“The Gordon Bennett Races,” by Lord Montagu of Beaulieu. 251 pp., 8 3/4 in.x 5 3/5 in. (Cassell and Company Ltd., 35, 144 Lion Square, London, W.C.1. 30s.)
Lord Montagu instituted the “Montagu Motor Book New Series” with the idea of producing, through the Cassell organisation, worthwhile histories of various aspects of motoring—books going into considerable detail and copiously illustrating a chosen subject. “The Gordon Bennett Races” is the fifth of these books, the others to date comprising “Lost Causes of Motoring,” “Montlhery” by William Boddy, “Jaguar” and “A History of Coachbuilding” by George Oliver.
The Gordon Bennett book, in which, as in the case of “Lost Causes” and the Jaguar biography, Lord Montagu has had the research talent of his Museum Curator, Michael Sedgwick, covers not only these famous inter-Nation car races of 1900 to 1905, which were contested in France, Germany and Ireland, producing as victorious marques Panhard-Levassor, Napier, Mercedes, Richard-Brasier, but also touches on the aeroplane and balloon Gordon Bennett contests.
As is to be expected when Lord Montagu writes or sponsors a book, the history of these pioneer road races is told in commendable detail, supplemented with tables of results, complete with lap times, not only for the races themselves but for the eliminating trials that preceded them. Technical details of the competing cars are given in one of the Appendices.
This book, properly produced and well illustrated, is a valuable reference work to these early contests by International teams of cars, races which have been strangely neglected by historians, until Lord Montagu took up his pen. As always, I would have liked even more detail, but 1905 is a long distance away in time and, in general, there is very little that matters that has not been included in “The Gordon Bennett Races.” There is even a fascinating Epilogue, dealing with the subsequent fate of drivers and cars who took part in the races sponsored by the strangely illusive American millionaire from whom they take their title.—W. B.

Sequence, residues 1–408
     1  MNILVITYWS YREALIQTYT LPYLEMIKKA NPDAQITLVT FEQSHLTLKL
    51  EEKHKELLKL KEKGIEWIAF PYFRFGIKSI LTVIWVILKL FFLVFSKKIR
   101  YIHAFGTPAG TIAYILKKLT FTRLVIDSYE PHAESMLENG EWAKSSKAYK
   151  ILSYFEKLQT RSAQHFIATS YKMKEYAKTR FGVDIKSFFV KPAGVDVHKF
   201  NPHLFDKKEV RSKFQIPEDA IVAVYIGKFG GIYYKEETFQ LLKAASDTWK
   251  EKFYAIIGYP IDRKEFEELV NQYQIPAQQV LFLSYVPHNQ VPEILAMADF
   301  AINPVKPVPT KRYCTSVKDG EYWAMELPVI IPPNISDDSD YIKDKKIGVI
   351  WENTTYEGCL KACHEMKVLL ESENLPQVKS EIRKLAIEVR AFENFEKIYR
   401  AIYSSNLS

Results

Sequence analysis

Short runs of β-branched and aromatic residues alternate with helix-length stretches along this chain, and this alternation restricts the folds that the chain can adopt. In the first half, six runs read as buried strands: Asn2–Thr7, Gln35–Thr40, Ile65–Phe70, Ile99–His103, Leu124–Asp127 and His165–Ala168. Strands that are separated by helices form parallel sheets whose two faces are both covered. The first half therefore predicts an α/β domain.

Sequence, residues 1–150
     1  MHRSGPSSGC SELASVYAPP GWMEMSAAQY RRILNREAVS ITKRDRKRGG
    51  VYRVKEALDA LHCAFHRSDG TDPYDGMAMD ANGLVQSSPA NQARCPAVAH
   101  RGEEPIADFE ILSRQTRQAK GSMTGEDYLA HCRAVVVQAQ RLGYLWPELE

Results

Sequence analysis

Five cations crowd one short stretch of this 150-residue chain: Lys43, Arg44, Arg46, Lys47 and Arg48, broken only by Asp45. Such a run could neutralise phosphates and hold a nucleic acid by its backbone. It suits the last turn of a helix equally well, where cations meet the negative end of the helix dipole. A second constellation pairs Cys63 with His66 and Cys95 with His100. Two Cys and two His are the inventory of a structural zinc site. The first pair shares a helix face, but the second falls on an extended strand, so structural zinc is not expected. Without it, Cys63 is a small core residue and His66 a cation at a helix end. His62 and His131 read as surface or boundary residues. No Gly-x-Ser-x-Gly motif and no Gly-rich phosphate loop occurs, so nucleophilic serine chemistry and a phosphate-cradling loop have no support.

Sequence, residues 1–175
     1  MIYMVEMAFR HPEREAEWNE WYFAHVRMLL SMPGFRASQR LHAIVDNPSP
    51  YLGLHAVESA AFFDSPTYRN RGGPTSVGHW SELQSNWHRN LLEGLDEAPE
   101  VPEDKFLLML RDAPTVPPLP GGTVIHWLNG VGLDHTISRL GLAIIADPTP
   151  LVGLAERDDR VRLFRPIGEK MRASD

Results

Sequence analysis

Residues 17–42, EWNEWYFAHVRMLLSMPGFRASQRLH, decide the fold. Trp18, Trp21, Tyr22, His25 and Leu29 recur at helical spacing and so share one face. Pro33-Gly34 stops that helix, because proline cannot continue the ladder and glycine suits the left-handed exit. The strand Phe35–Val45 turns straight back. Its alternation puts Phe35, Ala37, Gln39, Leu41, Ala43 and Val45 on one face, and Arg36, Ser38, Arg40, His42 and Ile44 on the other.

“The Veteran Motor Car Pocketbook,” by Anthony Bird and Francis Hutton-Stott. 256 pp., 5 3/5 in. x 4 1/5 in. (B. T. Batsford Ltd, 4, Fitzhardinge Street, London, W. 1. 9s. 6d.)
Batsford have made a feature of these splendid little books, which, when you take into account the information and very large number of illustrations packed into them, represent remarkably good value for money. The first was about vintage cars, by Cecil Clutton and John Stanford, Boddy followed with his Sports Car Pocketbook, Jenkinson contributed one on racing cars, and now Anthony Bird and Francis Hutton-Stott have written a book of identical size and form about veteran cars, taking veteran to mean built down to the year 1916.
This little book is at once extremely entertaining reading and a useful quick reference to the historical and technical complexities of the older mechanically-propelled vehicles. Arranged alphabetically, from A.C. to Züst, with a clear picture of every vehicle that matters, there is a wealth of data here, especially as specifications of the more important models, covering such items as engine location, cylinder arrangement, type of ignition, method of actuating the inlet valves, and so on, with, of course, cylinder dimensions, are given. From this Pocketbook you can quickly ascertain, for instance, what was the nature of the Knox or the mechanical make-up of a 1900 Bégot et Mazurie.
Because the book takes in cars made up to 1916, the more exciting Edwardians are here, like the Alfonso Hispano Suiza, Prince Henry Vauxhall, 30/35 Napier and Russo-Baltique, etc. Some people may find the writing of Anthony Bird rather too flippant for such a serious subject as veteran motor cars but his style is essentially readable and his statements painstakingly accurate.
These Batsford Pocketbooks are extremely enjoyable as well as useful and if you arm yourself with all four, which will cost you less than 40s., you will possess a first-class pocket reference work to cars of all ages and types.—W. B.